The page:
The Distinguished Flying Cross Society is founded on fraternity and fellowship among military flyers - of all our armed services and of all ranks who have been awarded the Distinguished Flying Cross. Our society's focus and our principal goal is to build the Society in two major ways: (1) To build our organization and its Chapters, so as to increase the Society's effectiveness in serving all our members and associates, and (2) To look outward as well, toward public service and education about the Distinguished Flying Cross and about aerospace in America. By pursuing this two-part strategic goal, the Society will grow. And, as importantly, the Society will become ever more effective in spreading its educational message - and awareness of the Society - ever more widely among American citizens.
Our vision is to preserve and grow The Distinguished Flying Cross Society (DFCS) as America's champion of the one military medal awarded to aviators for heroism and/or extraordinary achievement during aerial flight. The Society is a unique organization in that it represents all five military services, all wars and campaigns from World War I forward, all ranks, all aviation crew positions, and both genders. The Society educates the general public and enhances public records by documenting, publishing, and presenting the history of the DFC medal and its recipients. DFCS fosters fellowship among its members and creates innovative plans for securing funding for future programs and growth. The Society takes great pride in aviation and space exploration, as an American and global treasure.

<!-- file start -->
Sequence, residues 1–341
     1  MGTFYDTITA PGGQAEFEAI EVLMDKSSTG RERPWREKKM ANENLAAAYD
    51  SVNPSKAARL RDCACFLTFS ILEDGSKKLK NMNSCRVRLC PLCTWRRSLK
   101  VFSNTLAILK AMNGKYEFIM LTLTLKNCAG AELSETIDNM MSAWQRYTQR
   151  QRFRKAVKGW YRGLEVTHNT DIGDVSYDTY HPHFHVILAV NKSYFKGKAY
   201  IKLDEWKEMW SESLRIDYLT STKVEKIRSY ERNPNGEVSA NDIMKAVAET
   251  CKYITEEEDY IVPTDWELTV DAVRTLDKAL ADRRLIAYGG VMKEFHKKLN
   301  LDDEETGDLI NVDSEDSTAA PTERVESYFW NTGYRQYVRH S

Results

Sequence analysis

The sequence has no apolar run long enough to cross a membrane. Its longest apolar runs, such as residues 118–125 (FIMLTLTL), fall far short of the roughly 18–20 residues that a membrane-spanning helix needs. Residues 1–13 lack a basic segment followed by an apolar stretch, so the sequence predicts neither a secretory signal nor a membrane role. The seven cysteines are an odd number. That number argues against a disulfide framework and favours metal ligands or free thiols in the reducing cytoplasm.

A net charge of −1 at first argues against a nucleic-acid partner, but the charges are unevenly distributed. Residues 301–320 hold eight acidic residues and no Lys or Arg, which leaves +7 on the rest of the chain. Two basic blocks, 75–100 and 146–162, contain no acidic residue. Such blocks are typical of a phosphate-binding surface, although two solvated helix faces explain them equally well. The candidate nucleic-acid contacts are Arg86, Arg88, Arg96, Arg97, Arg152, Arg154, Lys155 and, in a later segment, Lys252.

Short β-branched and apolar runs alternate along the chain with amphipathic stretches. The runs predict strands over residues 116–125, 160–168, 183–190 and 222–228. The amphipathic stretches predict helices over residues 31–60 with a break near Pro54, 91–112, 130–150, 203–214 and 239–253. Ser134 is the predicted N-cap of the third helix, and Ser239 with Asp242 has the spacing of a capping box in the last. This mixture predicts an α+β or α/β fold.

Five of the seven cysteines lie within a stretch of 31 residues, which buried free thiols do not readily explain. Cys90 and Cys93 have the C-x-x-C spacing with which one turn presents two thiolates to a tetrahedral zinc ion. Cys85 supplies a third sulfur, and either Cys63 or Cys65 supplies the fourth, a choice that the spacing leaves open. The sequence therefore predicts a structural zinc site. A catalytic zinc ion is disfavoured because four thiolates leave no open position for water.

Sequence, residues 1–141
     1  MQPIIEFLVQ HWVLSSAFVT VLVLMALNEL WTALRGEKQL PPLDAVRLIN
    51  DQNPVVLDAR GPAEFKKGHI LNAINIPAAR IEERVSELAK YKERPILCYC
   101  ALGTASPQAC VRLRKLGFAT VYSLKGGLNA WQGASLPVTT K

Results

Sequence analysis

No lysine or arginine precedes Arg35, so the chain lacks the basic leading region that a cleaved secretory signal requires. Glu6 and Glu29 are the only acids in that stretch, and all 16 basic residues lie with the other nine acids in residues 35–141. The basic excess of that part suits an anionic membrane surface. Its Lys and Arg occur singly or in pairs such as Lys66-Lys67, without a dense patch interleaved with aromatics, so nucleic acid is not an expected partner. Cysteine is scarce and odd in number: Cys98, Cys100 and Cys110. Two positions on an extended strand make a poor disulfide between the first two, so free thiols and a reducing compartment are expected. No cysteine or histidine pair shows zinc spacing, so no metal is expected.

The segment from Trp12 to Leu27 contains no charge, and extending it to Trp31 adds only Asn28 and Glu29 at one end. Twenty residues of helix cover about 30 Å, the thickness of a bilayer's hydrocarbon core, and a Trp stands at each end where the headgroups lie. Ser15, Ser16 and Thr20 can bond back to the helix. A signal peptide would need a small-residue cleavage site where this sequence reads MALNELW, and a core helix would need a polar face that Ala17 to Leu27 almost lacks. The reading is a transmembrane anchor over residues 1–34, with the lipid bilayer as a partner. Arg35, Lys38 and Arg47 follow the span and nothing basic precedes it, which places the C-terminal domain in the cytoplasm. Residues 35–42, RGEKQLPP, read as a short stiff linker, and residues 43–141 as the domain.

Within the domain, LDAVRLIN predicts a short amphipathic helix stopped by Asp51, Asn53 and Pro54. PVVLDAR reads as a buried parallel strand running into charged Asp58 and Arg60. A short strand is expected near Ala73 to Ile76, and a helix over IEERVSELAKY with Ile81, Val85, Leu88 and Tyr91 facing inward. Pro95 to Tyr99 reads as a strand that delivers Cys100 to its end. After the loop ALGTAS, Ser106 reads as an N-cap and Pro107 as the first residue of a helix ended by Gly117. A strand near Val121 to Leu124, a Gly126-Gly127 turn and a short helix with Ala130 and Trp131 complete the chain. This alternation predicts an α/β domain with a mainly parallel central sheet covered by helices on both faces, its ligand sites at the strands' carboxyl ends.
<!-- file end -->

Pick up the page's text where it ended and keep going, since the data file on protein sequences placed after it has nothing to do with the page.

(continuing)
Unfortunately, the government did not keep a cumulative record of DFC recipients, therefore no one knows how many have been awarded or to whom. We do know that the first Distinguished Flying Cross award citations were presented to the Pan American Flight crew on 2 May, 1927 by President Coolidge, for their five ship, 22,000 mile flight.
President Coolidge presented the first Distinguished Flying Cross medal, on 11 June, 1927, to Captain Charles A. Lindbergh of the Army Corps Reserve for his solo flight of 3600 miles across the Atlantic Ocean in 1927, a feat which electrified the world and "Lindy" one of America's most popular heroes. The first Distinguished Flying Cross awarded to a Navy man was to Commander Richard E. Byrd of the Navy Air Corps for his exciting flight to and from the North Pole. Both of these famous aviators also received the Medal of Honor. The aviatrix, Amelia Earhart, was also awarded the Distinguished Flying Cross. At the time hers was the first such award to a civilian. An executive order in March 1927 ruled that the Distinguished Flying Cross should not be conferred on civilians.